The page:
I’ve become more open, for sure. One of the big emotional take-aways from the research I did for Playing with Dynamite was that openness can create intimacy. It’s always possible, of course, that revelations can upset people, but I think it’s worth the risk. I don’t want to live my life only on the surface. I want my relationships to go deep.
But that doesn’t mean I don’t believe in keeping some things private. For example, I have a personal essay coming out in Real Simple magazine, and I had a hard time telling the story I wanted to tell without bringing readers into my bedroom. If I hadn’t figured out how to avoid the X-rated parts while keeping the fundamental narrative intact, I wouldn’t have submitted the piece.
And I’m not going to post embarrassing things about my kids on Facebook or reveal things people ask me not to. So, you know, your secrets are safe with me.
Was there ever any moment when you felt unnerved in the writing—as if you were going too deeply back into the past?
Lots! My mother’s story about what happened to my sister on the night my father died. The story of my parents’ wedding. My father’s driving record. The saga with the Harrison Township Police. . . I could go on. It was unnerving to hear people tell me about these things, in the moment. But now I think they’re beautiful stories that have a lot to teach me, and I’m grateful for them.
What did you learn that you didn’t expect to learn in writing this?
I had no idea what I was going to learn, so everything was unexpected. I started Playing with Dynamite kind of like a detective starts a case, hunting down a few clues.
One thing I learned was that the act of writing requires empathy, so to be able to write about my father, I had to see the world through his perspective. I had to try to get in the heads of all of my characters, including those I have a hard time understanding, like my sister. Because you can’t write fully rounded characters unless you imagine what life is like for them.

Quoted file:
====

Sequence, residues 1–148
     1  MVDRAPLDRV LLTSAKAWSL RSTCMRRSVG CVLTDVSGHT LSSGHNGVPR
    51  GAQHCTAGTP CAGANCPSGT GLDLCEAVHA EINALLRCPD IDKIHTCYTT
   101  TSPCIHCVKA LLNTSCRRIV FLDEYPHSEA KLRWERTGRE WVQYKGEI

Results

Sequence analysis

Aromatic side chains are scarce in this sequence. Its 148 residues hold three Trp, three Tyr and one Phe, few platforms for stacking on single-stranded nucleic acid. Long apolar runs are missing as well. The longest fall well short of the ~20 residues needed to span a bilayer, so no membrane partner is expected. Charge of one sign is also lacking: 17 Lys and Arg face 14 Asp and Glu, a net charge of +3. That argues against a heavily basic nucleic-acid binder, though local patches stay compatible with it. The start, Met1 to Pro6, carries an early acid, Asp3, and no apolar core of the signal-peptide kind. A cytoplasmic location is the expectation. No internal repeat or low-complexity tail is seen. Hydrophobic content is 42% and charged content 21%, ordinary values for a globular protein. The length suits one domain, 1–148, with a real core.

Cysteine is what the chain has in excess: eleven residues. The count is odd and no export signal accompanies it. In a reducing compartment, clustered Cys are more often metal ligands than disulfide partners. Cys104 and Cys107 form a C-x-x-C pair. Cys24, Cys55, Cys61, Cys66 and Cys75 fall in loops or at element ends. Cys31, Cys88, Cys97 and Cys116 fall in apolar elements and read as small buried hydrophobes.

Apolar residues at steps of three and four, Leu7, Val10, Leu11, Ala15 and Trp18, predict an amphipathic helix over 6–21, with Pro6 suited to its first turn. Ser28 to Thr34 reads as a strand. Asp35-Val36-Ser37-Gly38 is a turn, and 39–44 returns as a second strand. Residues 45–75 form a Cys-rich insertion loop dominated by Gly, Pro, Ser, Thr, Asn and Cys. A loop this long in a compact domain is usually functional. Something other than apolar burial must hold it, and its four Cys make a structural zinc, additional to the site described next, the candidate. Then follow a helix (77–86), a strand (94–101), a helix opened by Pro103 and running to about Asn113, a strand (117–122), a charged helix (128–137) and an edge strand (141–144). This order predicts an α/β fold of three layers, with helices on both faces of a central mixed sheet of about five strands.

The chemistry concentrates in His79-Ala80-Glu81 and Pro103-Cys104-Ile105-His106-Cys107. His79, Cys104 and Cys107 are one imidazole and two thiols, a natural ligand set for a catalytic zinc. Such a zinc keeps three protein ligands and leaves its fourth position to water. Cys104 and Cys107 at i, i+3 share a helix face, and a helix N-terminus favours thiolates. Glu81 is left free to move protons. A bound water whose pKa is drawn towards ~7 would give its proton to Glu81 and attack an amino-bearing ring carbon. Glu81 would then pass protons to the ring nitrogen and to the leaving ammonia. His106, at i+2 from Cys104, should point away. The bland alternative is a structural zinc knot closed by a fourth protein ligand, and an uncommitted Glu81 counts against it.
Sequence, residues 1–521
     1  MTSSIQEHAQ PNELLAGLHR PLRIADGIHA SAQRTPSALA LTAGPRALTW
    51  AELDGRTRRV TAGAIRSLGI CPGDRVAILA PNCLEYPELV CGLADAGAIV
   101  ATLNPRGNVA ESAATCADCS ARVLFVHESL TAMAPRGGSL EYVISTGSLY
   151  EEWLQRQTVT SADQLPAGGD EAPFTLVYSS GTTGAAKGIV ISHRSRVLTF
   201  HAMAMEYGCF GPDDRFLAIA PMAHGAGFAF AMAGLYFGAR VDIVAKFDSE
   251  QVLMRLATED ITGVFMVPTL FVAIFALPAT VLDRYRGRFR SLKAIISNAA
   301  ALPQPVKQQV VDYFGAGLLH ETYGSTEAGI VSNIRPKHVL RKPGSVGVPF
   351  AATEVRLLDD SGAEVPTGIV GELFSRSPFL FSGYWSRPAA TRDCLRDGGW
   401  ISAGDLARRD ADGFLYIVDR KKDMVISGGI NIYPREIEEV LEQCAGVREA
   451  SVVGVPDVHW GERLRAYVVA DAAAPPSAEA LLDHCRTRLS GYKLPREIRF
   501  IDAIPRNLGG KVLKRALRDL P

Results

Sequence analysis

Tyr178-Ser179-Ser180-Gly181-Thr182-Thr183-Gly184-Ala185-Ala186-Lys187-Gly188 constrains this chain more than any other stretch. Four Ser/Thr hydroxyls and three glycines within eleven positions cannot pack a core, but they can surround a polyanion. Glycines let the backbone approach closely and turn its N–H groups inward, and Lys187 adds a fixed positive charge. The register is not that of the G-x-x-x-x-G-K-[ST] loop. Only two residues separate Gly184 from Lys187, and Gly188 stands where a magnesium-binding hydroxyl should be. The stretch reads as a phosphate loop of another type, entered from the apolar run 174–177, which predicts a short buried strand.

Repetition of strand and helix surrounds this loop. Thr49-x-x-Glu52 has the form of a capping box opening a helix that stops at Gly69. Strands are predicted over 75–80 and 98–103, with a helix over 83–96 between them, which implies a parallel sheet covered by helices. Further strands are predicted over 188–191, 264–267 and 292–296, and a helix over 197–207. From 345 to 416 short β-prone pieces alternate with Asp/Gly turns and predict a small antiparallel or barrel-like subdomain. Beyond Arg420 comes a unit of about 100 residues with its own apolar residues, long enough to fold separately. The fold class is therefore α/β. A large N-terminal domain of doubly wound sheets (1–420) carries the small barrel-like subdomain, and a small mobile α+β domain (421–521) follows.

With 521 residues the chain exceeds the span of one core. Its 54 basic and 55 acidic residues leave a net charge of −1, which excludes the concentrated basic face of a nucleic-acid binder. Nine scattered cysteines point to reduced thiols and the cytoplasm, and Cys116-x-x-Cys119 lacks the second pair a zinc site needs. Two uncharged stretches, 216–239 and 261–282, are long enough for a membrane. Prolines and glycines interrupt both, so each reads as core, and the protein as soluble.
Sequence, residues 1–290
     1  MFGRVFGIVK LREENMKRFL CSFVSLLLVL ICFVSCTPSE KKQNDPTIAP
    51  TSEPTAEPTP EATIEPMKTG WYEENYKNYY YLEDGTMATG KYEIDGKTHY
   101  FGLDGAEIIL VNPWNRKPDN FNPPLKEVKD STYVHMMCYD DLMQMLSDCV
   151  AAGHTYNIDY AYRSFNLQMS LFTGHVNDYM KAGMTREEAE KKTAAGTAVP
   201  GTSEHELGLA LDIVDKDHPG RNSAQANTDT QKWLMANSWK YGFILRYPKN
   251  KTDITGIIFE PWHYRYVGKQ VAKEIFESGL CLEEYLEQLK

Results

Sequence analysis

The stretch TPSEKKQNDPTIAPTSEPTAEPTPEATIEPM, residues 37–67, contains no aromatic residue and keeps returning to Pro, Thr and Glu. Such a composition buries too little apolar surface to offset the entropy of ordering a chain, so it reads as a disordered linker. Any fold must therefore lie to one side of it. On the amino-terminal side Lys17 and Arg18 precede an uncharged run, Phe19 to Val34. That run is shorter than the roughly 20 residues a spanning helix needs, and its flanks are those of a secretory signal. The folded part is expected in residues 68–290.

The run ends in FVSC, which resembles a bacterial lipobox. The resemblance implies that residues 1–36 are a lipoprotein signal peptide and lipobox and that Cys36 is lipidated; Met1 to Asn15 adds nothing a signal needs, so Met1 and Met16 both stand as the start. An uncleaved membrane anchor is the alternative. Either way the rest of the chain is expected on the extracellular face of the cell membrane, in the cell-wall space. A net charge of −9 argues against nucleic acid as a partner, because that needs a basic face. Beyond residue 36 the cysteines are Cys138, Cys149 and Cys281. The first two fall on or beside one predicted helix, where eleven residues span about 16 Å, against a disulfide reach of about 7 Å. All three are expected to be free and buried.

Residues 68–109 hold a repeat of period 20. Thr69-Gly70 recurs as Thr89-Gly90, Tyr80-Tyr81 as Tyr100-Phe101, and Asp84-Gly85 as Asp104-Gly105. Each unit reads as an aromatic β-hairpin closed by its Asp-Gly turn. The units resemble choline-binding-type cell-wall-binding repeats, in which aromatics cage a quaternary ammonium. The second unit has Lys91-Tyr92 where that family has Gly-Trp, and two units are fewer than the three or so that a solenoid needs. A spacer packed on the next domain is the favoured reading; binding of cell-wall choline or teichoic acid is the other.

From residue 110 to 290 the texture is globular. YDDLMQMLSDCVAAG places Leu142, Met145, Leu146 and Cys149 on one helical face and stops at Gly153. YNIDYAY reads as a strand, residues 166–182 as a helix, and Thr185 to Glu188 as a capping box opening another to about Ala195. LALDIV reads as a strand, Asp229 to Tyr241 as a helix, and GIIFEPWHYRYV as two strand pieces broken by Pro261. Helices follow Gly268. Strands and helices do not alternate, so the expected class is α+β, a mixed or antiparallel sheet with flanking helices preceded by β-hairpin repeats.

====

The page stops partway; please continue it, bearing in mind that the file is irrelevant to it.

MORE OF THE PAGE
What’s obsessing you now and why?
My next book is a novel about identical twins who are so closely bonded they speak in the same voice, so that carries forward my obsession with sibling relationships. My brother and I aren’t twins but we’ve always been super close, so I take that idea and stretch it to its furthest extreme. Researching this book has been fascinating, since there are so many twin studies out there.
What question didn’t I ask that I should have?
I always like to talk about the books that inspired me. Probably the first memoir I read was The Invention of Solitude by Paul Auster, which was a revelation. It’s about how he coped with his father’s recent death and his struggles to father his own son after divorce. But it’s also a tour de force of style and wit, and I was fascinated by the way he let us see a mind at work, thinking on the page, bringing in a whole world of ideas and literary references. Joan Didion is another writer who does that so well, which is why I like to assign The Year of Magical Thinking to my classes.
Not surprisingly, I’ve been fascinated by father memoirs, so, in addition to Mary Gordon’s Shadow Man, I loved Nick Flynn’s Another Bullshit Night in Suck City and Alison Bechdel’s Fun Home. And there are so many others. Kirkus Reviews compared Playing with Dynamite to Jeanette Walls’ The Glass Castle and Mary Carr’s Liar’s Club, which were seminal books for me and are also about larger-than-life fathers.
But the two most important books were Benjamin Percy’s novel The Wilding and Michael Hainey’s memoir, After Visiting Friends. I couldn’t have written Playing with Dynamite without them.
So I guess I’m also answering your first question, about what made me decide to write my memoir. The answer is, partly because of things that happened to me and partly because of things I read. I’ve always been a voracious and grateful reader. That’s another thing you need to know about me.